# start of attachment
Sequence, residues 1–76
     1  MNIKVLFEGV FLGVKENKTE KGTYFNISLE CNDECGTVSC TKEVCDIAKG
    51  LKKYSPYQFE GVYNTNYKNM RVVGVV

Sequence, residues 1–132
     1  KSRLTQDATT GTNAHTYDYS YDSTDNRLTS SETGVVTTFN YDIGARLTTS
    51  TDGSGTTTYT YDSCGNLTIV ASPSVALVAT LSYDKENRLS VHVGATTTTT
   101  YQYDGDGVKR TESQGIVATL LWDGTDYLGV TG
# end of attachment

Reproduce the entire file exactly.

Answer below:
Sequence, residues 1–76
     1  MNIKVLFEGV FLGVKENKTE KGTYFNISLE CNDECGTVSC TKEVCDIAKG
    51  LKKYSPYQFE GVYNTNYKNM RVVGVV

Sequence, residues 1–132
     1  KSRLTQDATT GTNAHTYDYS YDSTDNRLTS SETGVVTTFN YDIGARLTTS
    51  TDGSGTTTYT YDSCGNLTIV ASPSVALVAT LSYDKENRLS VHVGATTTTT
   101  YQYDGDGVKR TESQGIVATL LWDGTDYLGV TG